Mobius: Eyes Above the Clouds Chapter 2
I remember when my father first went public with this endeavor to take to the sky… to take on Mobius. It was during the World’s Fair that year… two ago it was now. He was up there on the stage he had bought out with Lorraine, showing off the current flying machine. It was the 4th rendition of it- after the original flown on that landmark flight. It was vastly different, at least from what I had seen. So vastly different that it did not work yet. Just a frame and body of aluminum up there for show, still incomplete after having run out of time to get it ready. No engine or anything to make it work properly. But a sight it was nonetheless. I remember looking from back behind the curtains, out at the crowd gathering.
Lorraine didn’t seem like much of a showman- not that anyone would have been able to pick apart his accent even if he were. Luckily my father was there to talk him up. My father told of the small team, working under Lorraine, payed for by his money, working on the fantastical craft that was to take to the sky for a yet unknown reason. It was at that point that my father then brought Daniels to the forefront. He wasn’t our captain yet, just a Mr. Wess Daniels. Yes, that Wess Daniels. The very man who had, at the time, just returned from mapping out many of the nooks and crannies of the Grand Canyon on a several month long voyage down the Colorado. Judging by the crowd’s reaction, I wondered if they suddenly cared more about him than the flying craft.
After the rabble finally died down, my father took Daniels’ shoulder and offered up his plan to those listening: to take a craft and crew, lead by the brave explorer at his side, up into the sky to make contact with Mobius. Some booed, or looked around to make sure they had heard the words correctly. Others wandered off, shaking their heads either out of disbelief or offense.
The true outrage reared its head the day later, in particular when the big city newspaper released an article. The obviously high-strung writer had plastered ‘Fool, Blasphemer, wishes to take to the sky’ on the front page, showing the fine black and white picture of my father and Daniels exaggerating to the crowd. The article within criticized him for seeking out what obviously was not ours as humanity, and furthermore, a thing sacred and significant to all those who had gazed upon it. While taking in brunch, my father read it aloud to us, replying that neither Mobius nor the sky belonged to any one person.
The criticism to come in the following days generated worry as to if it were possible to upset the creature in the sky- for lack of a better word, make it angry or upset. “What might happen? What would Mobius do if it were angry?” Were one’s words. While my father found himself content in repeating that nobody knew the answer to said questions, a vocal few would not back down. I remember when the protesters outside of our gate at the end of our long driveway grew to more than just a select few. It wasn’t long before he could no longer leave the house, not for fear for himself, but of being able to protect us- my mother, myself and the servants- from any collateral damage by the rabble. It was at that time when he assigned me to be the liaison for the project as it continued to grow despite everything else.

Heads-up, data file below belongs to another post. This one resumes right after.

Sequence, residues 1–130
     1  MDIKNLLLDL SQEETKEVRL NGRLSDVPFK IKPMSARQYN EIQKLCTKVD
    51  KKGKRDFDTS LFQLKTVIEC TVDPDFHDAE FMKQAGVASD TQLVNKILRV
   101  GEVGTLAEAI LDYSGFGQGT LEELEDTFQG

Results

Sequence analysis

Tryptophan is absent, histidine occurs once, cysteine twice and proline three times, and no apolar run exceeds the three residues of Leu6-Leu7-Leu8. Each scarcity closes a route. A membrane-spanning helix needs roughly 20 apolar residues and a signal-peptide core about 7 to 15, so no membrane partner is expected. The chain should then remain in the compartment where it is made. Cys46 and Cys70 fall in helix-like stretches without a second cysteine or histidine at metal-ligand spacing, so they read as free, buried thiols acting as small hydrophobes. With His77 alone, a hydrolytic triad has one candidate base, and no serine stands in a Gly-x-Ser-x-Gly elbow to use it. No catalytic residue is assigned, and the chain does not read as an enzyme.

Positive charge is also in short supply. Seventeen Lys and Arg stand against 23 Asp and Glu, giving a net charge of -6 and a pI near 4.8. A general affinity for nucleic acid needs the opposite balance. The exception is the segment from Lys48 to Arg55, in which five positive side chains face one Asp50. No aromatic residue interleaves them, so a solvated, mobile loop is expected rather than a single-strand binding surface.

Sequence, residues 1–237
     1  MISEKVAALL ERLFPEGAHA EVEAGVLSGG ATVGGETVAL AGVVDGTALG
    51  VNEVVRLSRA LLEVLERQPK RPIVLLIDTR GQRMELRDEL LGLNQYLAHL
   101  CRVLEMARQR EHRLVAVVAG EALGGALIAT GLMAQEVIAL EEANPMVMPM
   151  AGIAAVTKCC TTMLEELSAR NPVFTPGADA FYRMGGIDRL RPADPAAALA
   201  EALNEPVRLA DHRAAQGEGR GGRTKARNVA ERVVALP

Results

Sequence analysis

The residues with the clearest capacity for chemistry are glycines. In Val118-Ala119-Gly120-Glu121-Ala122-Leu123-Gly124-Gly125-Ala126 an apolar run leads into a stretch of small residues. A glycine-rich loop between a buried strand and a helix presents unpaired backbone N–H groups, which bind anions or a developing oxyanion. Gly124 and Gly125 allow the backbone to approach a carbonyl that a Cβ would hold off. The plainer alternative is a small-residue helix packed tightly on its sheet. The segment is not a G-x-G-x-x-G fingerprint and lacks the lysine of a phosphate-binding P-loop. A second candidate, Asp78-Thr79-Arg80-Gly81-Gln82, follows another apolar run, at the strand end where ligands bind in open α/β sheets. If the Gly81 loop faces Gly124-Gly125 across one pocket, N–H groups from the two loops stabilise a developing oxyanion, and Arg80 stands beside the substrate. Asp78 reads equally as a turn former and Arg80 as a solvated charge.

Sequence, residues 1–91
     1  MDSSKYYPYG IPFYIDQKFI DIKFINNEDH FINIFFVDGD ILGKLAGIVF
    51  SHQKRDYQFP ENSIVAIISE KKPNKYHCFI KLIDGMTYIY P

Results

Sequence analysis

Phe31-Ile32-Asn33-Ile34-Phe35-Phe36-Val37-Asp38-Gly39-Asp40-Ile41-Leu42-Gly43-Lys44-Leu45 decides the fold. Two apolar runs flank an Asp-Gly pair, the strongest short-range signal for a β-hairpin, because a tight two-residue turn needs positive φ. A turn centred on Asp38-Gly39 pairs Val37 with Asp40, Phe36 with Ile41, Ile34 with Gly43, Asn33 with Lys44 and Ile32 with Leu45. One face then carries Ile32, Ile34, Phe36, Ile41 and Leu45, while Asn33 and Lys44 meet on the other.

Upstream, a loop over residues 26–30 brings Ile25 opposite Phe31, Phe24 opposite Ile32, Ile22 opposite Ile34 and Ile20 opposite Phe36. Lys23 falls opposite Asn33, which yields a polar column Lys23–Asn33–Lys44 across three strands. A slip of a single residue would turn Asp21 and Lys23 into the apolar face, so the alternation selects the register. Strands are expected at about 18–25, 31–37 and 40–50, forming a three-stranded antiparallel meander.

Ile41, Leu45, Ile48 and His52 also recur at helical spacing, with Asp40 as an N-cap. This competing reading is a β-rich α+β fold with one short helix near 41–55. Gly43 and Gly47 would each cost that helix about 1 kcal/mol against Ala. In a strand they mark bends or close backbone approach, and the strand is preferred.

I wiped my sleeve across my lip, picking up the residue dripping out my nose and mouth. I took a deep breath and pushed against the hard, rough surface under my hands. The frigid wind tore at my body as I rose back to my feet. I saw Babir stand up along with me.
“You well, my friend?” The tanned man mouthed to me. I nodded my head slowly, the air still stuck in my lungs.
Daniels paced around, holding his hand to his brow while he looked out over the expanse. Chase skipped down the ramp next. At the bottom, he turned back around and offered a dainty hand up to Mary to help her down the last few steps. I doubt Mrs. Dunn had the capacity to trip, but at the same time, her husband didn’t have the capacity to let his eyes off her for very long. The Mr. and Mrs. team had been with the Captain on his previous expedition, and from everything that I had seen, they could work perfectly as a pair without even the slightest of words exchanged.
Just after the Dunns, Richards crept out, coming from the opposite side of the compartment. He was not a frail man, but his movements told otherwise. I believe the talk was that he was much more comfortable in his practice down on the ground. He held tightly to the fur trim around his hood that threatened to fly backwards off his ears as he met the winds outside. Joseph guided him down with a heavy hand. The doc looked around in a similar fashion to Daniels, adjusting his round glasses. Looking down, he danged his foot off the edge of the ramp and cautiously made contact with the organic surface below.
“Harris, you of all people should know this should be fine.” Mary danced around, stomping her feet deliberately.
Richards nodded and made the last step downward. He nodded once again and crouched down to feel the texture of the unique material, putting on a face as if he were humming.
“Captain Daniels!” The call came from within the fuselage.
The captain turned back and gazed into the dim compartment. “Lorraine?”
Inside, the man was pushing down a bundle of triangular-shaped wedges, wrapped in a bundle with thick straps of knotted twine. Joseph went in and began to pull on the opposite side. Samuel came up from behind, unable to help. “Captain, we mustn’t forget to secure the wheels!”
“Right!” Daniels responded, rubbing at his stubble and taking one last glimpse behind him at the fresh horizon. “Get those things untied!”
Joseph gave a good yank on the bundle, causing it to slide into his legs and then down the slope of the ramp sideways. The big man jumped back out of reflex and held at his shin.
“What did I tell you all about acting foolishly?” Daniels belted. “Get it together.”